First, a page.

# Sorry, you cannot guarantee a Powerball win

Forget MegaMillions — how about a Power Billion?

The jackpot for Wednesday night's drawing of the Powerball lottery is now estimated at \$1.5 billion, the highest U.S. payoff ever. With a potential windfall like that, it's easy to rationalize throwing down \$2 for a ticket and a shot at a life of leisure.

In fact, it's theoretically easy to guarantee a profit. At least if you don't think about it too hard.

To guarantee a win, you'd need to buy a ticket with every single combination of numbers. That way, no matter what numbers are drawn, you'd have the winning ticket.

Powerball works by picking random balls to create a set of numbers. Five balls are drawn from a bin of 69 white balls, and one red ball (the "powerball") is drawn from a different bin of 26 balls. To win the jackpot, you have to pick numbers that match all five of the white balls, plus the red ball. (If you pick the five white balls but miss the powerball, you win a measly — yawn — \$1 million.)

Doing the math, that means there are 292,201,338 different combinations of numbers you could pick.

At \$2 a pop, you'd need almost \$590 million to buy every ticket combination, which would bring you a tidy little profit approaching \$1 billion in the current scenario. But finding the money would't be the hard part — the logistics of buying 292 million lottery tickets would.

With a lottery ticket machine running constantly, it would take nearly a decade to print all of those tickets, assuming a print rate of one ticket every second. There's just a few dozen hours before the drawing (and some states cut off ticket purchases hours before). Even if you had 10 machines going at the same time, it would still take a year of printing.

Even so, one second per ticket is way too short a time estimate. Leaving out the fact that a lottery machine printing tickets all day would run out of paper and ink — and that the mechanics would probably break down at some point — that one second per ticket would depend on the machines random-number generator. If you trusted in the random number generator to select your numbers (clearly quicker than filling out each sheet by hand) you'd surely get duplicate tickets.

In fact, the probability of drawing the 292 million different combinations sequentially at random is something like 1 in a gajillion (technical term here). Seriously though, it's basically impossible you can randomly pick that many numbers without a repeat. After just 20,000 tickets, your odds of a repeat are already 50/50. Forget about it beyond 1 million tickets.

Normally, it's a bad financial decision to play the lottery. "It's a tax on people who are bad at math," is a common refrain. That's because the payout you can anticipate from buying a ticket (the "expected value") isn't worth the investment. For example, if the jackpot is valued at \$100 million, the expected value of a ticket is just 66 cents, far less than the \$2 you'd be shelling out.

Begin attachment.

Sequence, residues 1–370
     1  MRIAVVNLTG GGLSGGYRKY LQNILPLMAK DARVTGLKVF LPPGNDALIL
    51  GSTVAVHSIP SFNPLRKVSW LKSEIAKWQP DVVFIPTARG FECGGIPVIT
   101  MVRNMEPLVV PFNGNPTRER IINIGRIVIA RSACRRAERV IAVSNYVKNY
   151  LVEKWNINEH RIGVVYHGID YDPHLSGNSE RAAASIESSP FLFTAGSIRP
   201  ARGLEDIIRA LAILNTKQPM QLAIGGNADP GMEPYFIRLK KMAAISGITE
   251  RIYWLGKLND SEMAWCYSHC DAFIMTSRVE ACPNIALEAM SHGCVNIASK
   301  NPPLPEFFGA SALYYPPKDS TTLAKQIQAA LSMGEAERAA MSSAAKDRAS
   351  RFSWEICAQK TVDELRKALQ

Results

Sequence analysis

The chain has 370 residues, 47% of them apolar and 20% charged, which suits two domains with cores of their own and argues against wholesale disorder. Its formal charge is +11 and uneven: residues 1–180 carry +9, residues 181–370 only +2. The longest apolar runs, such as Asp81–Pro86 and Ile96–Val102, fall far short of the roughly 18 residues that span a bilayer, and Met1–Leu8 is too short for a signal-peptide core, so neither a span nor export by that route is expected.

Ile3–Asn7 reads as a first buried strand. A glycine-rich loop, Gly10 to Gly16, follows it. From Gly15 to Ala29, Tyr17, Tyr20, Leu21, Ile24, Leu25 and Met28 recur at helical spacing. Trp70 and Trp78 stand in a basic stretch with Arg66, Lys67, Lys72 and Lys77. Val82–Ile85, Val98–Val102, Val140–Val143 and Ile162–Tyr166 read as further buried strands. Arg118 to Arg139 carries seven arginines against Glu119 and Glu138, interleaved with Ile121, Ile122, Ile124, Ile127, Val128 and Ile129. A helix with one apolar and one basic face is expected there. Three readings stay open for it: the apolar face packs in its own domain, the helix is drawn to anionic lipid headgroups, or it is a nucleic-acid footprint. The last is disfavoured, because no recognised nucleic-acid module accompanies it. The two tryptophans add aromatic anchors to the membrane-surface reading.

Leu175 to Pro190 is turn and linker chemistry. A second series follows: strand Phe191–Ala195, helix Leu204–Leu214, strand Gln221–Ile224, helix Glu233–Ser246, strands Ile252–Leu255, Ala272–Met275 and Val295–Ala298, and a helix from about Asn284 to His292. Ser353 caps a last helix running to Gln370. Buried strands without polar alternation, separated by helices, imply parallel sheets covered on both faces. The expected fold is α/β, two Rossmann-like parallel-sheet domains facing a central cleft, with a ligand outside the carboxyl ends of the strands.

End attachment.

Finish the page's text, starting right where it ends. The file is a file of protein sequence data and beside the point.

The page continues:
This week, with a \$1.5 billion jackpot on the line, the expected value is increased to more than \$5 (including the nonjackpot prizes), making a \$2 ticket a good investment. Even the estimated cash value of the jackpot — around \$930 million — generates an expected value north of \$3.50.

There hasn't been a Powerball winner since Nov. 4, which is why the prize money is so big. Powerball has what's known in casinos as a "progressive jackpot," which means the money increases incrementally each time it's played.

But wait a second. The biggest U.S. jackpot in history is bound to attract interest from more players than just you. If you were the only person buying Powerball tickets with a \$1.5 billion jackpot, you'd be a fool not to invest \$600 million. But everyone and their mother is buying tickets for Wednesday's drawing, so the set of unique number combinations is reduced dramatically.

Up to 70 percent of the possible number combinations had reportedly been purchased for Saturday's drawing (jackpot: \$948 million) and current estimates anticipate up to 80 percent will be bought for Wednesday's drawing.

So the chances of someone winning the jackpot is pretty good, as is the likelihood of at least two tickets sharing the big prize. After all, people tend to pick the same, predictable numbers for the lottery. And the number of people playing the lottery tends to increase with the jackpot size.

If multiple tickets share the winning combination of numbers, the players split the jackpot. So the expected value of a ticket drops accordingly. In fact, even with a \$1.5 billion jackpot (ignoring for a moment the lesser cash value) the return on investment on your \$600 million only makes sense if you share the prize with one other person. If three people split the jackpot, you're already in negative ROI territory.

So while the prospect of a billion-dollar jackpot might be appealing, you're far from guaranteed a profitable payday.